Another oldie but goodie - I love that our children can grow up with such wonderful memories.

Everyone's job is tough -  I don't care if you pick up garbage, bag groceries or teach at a middle school for a living.  And though my current job is fighting cancer - I know that even when I find my way back to health, it is essential to continue to balance work with play. I must learn to "just say no" to the occasional shiny apple - no matter how tempting it may be to bite into it.

 Because it turns out - the most important things in life cannot be crossed off a To-Do list.

Monday, July 23, 2012

Chemotherapy and Other Indoor Sports

My first dose of chemotherapy began on July 12th.  And I have to say, the infusion itself wasn't all that bad.  I filled out paperwork and met with my oncologist prior to the infusion.  Then I was brought back to the infusion center and the nurses (who are stellar by the way) accessed my port and gave me Ativan (I told you they are great!).  The infusion center is open and spacious with several treatment chairs all with beautiful views of landscaped grounds and cloth dividers for privacy.  By design the patients remain in sight of nurses at all times. Chris and I had a private room close to the nurses station with a big screen television and a comfy recliner chair with a warmer button (I feel strongly that all chairs everywhere should have this option) and another button that said "massage" but felt more like "shaken baby syndrome" so I opted out of that one.

We were there for about six hours while the chemo meds were given one at a time, allowing for prescribed observation time after each infusion because this was my first time receiving the medications -  the most likely to have a reaction.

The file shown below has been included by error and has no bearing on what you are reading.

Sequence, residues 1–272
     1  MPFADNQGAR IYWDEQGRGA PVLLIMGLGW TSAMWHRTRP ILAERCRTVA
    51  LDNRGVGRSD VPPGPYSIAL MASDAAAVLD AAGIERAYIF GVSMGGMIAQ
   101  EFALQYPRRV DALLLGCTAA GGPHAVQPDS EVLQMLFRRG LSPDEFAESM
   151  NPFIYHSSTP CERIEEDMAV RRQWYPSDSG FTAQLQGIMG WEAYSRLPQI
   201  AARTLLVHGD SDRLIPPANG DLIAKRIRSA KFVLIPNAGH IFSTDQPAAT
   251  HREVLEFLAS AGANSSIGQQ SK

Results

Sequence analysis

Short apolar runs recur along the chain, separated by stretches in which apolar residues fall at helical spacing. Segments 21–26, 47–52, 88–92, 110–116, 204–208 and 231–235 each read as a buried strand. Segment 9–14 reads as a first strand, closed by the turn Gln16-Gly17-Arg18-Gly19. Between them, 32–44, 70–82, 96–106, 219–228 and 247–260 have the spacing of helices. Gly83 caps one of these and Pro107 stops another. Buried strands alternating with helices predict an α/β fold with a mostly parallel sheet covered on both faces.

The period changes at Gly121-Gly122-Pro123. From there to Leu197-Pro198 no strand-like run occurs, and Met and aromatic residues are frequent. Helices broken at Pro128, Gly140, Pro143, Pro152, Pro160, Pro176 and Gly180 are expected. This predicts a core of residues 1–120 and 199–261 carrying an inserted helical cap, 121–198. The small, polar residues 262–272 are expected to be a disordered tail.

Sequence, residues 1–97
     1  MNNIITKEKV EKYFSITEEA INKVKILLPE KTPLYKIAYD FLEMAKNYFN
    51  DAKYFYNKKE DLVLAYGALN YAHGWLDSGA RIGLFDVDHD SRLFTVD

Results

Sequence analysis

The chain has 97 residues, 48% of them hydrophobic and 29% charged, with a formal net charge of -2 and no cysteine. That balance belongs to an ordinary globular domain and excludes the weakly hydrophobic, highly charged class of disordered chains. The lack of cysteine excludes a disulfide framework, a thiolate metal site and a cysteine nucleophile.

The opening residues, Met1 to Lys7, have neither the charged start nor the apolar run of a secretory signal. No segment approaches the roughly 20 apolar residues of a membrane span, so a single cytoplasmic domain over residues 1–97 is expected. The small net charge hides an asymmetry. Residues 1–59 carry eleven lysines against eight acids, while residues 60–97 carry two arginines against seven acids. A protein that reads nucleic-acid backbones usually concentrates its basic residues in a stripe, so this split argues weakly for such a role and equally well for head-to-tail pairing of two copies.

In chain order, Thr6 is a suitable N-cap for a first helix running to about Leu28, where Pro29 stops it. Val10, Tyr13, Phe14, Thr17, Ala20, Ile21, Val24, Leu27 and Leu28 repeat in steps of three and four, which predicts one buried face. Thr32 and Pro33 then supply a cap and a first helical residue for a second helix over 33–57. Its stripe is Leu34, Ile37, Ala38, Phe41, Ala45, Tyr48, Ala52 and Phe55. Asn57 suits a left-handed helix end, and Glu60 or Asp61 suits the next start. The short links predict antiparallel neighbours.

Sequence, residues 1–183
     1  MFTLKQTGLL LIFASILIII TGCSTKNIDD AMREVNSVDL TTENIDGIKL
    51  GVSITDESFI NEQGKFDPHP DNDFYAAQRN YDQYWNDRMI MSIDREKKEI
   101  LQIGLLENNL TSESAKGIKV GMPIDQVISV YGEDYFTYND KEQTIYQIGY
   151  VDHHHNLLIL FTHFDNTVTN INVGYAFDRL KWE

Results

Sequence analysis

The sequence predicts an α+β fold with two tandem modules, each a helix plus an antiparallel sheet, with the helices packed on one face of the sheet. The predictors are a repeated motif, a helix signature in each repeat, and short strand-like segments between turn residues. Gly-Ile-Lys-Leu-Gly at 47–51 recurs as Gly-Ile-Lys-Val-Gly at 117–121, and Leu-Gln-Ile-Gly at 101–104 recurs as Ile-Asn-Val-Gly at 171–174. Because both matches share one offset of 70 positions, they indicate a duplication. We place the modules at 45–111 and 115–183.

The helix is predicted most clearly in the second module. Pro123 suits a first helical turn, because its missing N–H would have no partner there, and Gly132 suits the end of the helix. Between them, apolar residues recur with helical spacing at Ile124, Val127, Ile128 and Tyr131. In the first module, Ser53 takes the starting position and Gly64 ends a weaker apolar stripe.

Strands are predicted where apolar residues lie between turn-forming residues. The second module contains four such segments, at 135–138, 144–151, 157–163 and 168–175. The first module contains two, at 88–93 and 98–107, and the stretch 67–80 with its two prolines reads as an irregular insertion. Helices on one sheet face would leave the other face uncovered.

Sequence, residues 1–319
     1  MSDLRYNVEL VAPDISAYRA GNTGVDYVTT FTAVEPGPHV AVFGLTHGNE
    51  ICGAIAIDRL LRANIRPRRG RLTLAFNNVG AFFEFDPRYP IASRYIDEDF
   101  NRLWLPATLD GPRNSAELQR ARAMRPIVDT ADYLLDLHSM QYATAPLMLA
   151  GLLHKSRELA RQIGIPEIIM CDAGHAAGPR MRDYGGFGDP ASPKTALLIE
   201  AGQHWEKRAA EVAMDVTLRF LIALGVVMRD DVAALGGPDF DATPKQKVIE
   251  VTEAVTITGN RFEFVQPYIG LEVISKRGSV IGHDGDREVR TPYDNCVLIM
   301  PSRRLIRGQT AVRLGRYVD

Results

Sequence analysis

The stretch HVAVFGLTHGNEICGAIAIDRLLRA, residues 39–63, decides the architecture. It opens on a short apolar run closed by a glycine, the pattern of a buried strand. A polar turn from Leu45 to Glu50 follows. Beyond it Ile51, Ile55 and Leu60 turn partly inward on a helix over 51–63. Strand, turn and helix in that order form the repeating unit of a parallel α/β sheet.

AND - nothing happened.

They served us lunch and I had unlimited access to tiny cans of Shasta Ginger Ale - which is a very good thing in my book.  And because I could play the "cancer card", I remained in control of the television remote the entire time.  So we watched Cake Boss and documentaries about genetics.  Fabulous.

Anyway, the day was fairly uneventful - just a little emotional due to the nature of what we were doing.  We went home and whether from relief that it was over or the massive amounts of steroids I was given during treatment, I proceeded to eat my weight in whatever wasn't tied down in the kitchen.  Then I went to bed feeling confident and very very full.

What followed was an onslaught of bizarre, transient, and yet appallingly unpleasant side effects which has led Chris and I to refer to chemo by a new name: The Hunger Games.

(*For those of you who haven't been sitting around the house catching up on popular culture, the Hunger Games is a series of books - now movies - about a political sporting game in which young people are thrust into an arena and forced to fight to the death.  To liven it up and improve television ratings, various traps - flesh eating fog, murderous wasps, acid rain storms etc - are placed by the gamemakers and activated when the players begin to feel in control of their situation. I read these while still taking a lot of narcotics - but even not drugged they are entertaining.)

"I KILL you Can-Suh!"
Post Chemo Day 1-2: The palms of my hands and soles of my feet felt as though they were sliced with a thousand tiny blades -as though I'd been making snowballs out of shards of glass.  My hands were mottled with red and white splotches while the nerve pain made its way through.  It lasted several hours at a time for the first couple days and hasn't reoccurred since.  Nausea was intermittent even with round the clock anti-emetics, though I never vomited.  I napped off and on throughout the days and my joints ached at night.

Post Chemo Day 3-4:  Overwhelming fatigue.  Day 4 I didn't get out of bed until 3:30 pm.  Unable to sit up without gagging due to nausea. 

Post Chemo Day 5-7:  It's a good thing I like our bathroom - because I didn't leave it often. But the fatigue was lessening and nausea more controlled.  Roots of my hair became sensitive then painful causing severe headaches to the extent that I decided to shave it rather than wait around until it fell out on its own.  After shaving my hair the discomfort resolved.